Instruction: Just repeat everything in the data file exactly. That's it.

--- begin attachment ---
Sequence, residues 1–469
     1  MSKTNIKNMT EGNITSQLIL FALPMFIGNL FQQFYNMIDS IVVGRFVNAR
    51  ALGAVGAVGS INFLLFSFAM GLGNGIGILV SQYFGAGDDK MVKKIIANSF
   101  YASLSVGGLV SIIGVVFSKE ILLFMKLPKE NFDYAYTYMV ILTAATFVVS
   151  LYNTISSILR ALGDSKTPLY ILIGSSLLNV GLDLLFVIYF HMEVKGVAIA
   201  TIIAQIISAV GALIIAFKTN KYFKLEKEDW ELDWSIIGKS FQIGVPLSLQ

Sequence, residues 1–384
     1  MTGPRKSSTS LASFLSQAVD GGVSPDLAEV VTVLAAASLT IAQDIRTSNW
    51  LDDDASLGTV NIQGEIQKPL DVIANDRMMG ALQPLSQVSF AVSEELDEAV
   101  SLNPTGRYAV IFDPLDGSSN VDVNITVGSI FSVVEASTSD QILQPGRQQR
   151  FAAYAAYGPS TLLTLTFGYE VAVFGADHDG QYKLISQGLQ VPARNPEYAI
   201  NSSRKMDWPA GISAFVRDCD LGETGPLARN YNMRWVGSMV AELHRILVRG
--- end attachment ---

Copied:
Sequence, residues 1–469
     1  MSKTNIKNMT EGNITSQLIL FALPMFIGNL FQQFYNMIDS IVVGRFVNAR
    51  ALGAVGAVGS INFLLFSFAM GLGNGIGILV SQYFGAGDDK MVKKIIANSF
   101  YASLSVGGLV SIIGVVFSKE ILLFMKLPKE NFDYAYTYMV ILTAATFVVS
   151  LYNTISSILR ALGDSKTPLY ILIGSSLLNV GLDLLFVIYF HMEVKGVAIA
   201  TIIAQIISAV GALIIAFKTN KYFKLEKEDW ELDWSIIGKS FQIGVPLSLQ

Sequence, residues 1–384
     1  MTGPRKSSTS LASFLSQAVD GGVSPDLAEV VTVLAAASLT IAQDIRTSNW
    51  LDDDASLGTV NIQGEIQKPL DVIANDRMMG ALQPLSQVSF AVSEELDEAV
   101  SLNPTGRYAV IFDPLDGSSN VDVNITVGSI FSVVEASTSD QILQPGRQQR
   151  FAAYAAYGPS TLLTLTFGYE VAVFGADHDG QYKLISQGLQ VPARNPEYAI
   201  NSSRKMDWPA GISAFVRDCD LGETGPLARN YNMRWVGSMV AELHRILVRG